Encountering a slithering snake during a barefoot backyard walk.
Traveling into a storm on a crowded, turbulent flight.
Delivering a speech to curious colleagues.
For many people, these items would top their not-to-do list.
All three of these situations fill most people with some degree of fear, up to and including abject terror.
But only the third fear could have tangible impacts on personal interactions and possibly hamper careers. Delivering a clear, concise speech can improve the effectiveness of the project under discussion. A successful communicator can also move more quickly up the steps of the career ladder.
With this in mind, employees at Gateway Park have started a Toastmasters chapter for employees. Toastmasters is an international organization with 280,000 members. Participants meet weekly to improve their speaking and leadership skills through practice and by receiving feedback from each other.
This won’t be the first Toastmasters on campus. Students at WPI formed an on-campus chapter in 2007 to help students, faculty, and staff master the art of giving presentations and speeches, successfully navigating through interviews, and learning to think more quickly on their feet. Although faculty and staff are welcome to join the student-run chapter and provide welcome and valuable insight, the meetings are held in the evenings, which may not be as practical for employees.
The soon-to-be formed chapter will meet during the workday. Annual dues are $72. An introductory meeting will be held at noon, Sept. 12, at BETC, Gateway 2, 50 Prescott St., second floor.
Helping start a Toastmasters group is not a new experience for Sherrie Torrey, marketing manager, Web, for Corporate and Professional Education.
At two previous jobs, she has been among the founding members for Toastmasters chapters. When her WPI colleagues expressed interest, she jumped right in to help organize a chapter.
For employees, she said, Toastmasters can help hone critical speaking skills and ease fears of public presentations. But the meetings do more than ease the anxiety of public speaking. They also help boost general communication skills, which can be vital to employees in a department that works with sales and marketing, as Torrey’s does.
Toastmasters can even work with such basics as how someone is perceived while talking on the phone. “You may not realize how the message is coming across,” she says.
Membership in Toastmasters also provides an opportunity to network, Torrey says. Employees at Gateway Park can “feel a little disconnected’’ from colleagues at the main campus, but seeing them at meetings could forge a bond. By meeting more people, chapter members develop different ways to collaborate. And the connection forged among Toastmaster members can make a real difference. “Toasties help each other out,’’ she says with a smile.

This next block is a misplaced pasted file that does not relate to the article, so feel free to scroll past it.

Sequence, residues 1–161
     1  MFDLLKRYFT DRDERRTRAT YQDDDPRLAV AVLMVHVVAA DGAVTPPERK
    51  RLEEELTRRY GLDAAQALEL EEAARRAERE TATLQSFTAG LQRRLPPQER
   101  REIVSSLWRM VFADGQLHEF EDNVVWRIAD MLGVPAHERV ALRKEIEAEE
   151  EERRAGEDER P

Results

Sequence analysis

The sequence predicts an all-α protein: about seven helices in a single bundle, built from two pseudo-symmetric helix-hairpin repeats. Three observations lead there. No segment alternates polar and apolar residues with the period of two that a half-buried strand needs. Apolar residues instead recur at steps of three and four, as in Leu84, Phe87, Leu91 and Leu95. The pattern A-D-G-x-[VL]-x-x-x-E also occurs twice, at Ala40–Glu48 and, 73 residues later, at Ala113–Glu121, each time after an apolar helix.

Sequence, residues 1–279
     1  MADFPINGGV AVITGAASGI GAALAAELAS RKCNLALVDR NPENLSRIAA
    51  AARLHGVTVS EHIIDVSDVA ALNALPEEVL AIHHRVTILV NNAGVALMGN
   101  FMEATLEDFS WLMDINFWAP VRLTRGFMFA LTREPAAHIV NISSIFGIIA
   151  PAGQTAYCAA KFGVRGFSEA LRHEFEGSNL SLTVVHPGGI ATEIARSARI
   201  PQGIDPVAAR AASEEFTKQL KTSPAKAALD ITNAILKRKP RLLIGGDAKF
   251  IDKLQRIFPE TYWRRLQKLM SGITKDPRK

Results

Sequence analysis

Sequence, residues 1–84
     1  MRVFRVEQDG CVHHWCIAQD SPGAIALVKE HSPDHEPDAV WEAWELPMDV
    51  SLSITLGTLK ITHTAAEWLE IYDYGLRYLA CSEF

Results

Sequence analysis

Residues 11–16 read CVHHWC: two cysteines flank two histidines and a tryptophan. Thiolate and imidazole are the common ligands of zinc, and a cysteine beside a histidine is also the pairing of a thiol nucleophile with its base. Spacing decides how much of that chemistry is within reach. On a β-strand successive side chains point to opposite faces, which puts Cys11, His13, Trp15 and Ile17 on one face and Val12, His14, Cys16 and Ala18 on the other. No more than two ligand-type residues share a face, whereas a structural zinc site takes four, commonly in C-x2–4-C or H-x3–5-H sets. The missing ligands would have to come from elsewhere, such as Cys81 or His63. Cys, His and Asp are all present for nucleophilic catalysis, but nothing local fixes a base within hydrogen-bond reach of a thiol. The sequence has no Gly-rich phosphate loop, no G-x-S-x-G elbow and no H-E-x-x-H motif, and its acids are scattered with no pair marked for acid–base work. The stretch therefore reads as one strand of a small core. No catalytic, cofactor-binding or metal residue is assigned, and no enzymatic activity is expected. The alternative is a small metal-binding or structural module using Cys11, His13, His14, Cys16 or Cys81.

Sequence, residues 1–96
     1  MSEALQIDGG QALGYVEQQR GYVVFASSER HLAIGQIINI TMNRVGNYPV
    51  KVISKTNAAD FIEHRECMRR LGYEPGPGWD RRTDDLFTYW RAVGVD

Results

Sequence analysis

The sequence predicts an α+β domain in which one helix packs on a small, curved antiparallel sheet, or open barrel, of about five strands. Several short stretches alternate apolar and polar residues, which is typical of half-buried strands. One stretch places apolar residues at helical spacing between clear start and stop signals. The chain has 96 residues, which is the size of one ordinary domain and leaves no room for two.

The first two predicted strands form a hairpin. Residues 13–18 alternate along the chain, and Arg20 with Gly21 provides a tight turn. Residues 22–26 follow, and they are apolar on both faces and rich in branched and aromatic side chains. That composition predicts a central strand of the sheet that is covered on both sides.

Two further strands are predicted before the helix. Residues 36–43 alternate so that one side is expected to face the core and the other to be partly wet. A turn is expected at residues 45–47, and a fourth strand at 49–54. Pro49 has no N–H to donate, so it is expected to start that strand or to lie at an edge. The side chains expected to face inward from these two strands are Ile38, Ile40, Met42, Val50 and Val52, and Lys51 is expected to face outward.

At the first meeting, Toastmasters will send district representatives to run the gathering and explain the process. “There’s a lot of structure,’’ she says.
Meetings, which last an hour and have a specific organization, run in levels. Members start by making an “icebreaker’’ speech; that is a tradition among all Toastmasters groups.
Assignments from there may vary. Members may make a humorous speech, give a talk that requires research, or share a personal story. Fellow members take on leadership roles within the gathering that keep the meeting going..
Each club has a president; vice president of membership, who recruits new members; vice president of public relations, who works with the media; and vice president of education, who keeps track of how members are progressing through the process. It also has a sergeant at arms, who secures meeting space and set-up; a secretary, who keeps track of attendance; and a treasurer, who handles the money.
Learning to give and accept feedback is critical to Toastmasters, Torrey says. “Everybody wants to ‘yes’ everybody to death—but nobody grows that way.”
Beth Mulvey, who coordinates staff training at WPI, is eager for the group to start. “I thought it would be a great way for people to strengthen their presentation skills at their workplace,’’ she says.
Account specialist Juleen Weber says her job review inspired her involvement. She was encouraged to make more presentations to management. “I’ve always struggled with that,’’ she admits. Her colleague Melissa Raskin hopes to improve her speaking and leadership skills.
The group will meet weekly, although Torrey said that even a monthly check-in can make a difference.
“It’s a short time each week to improve these really necessary skills,’’ says Raskin.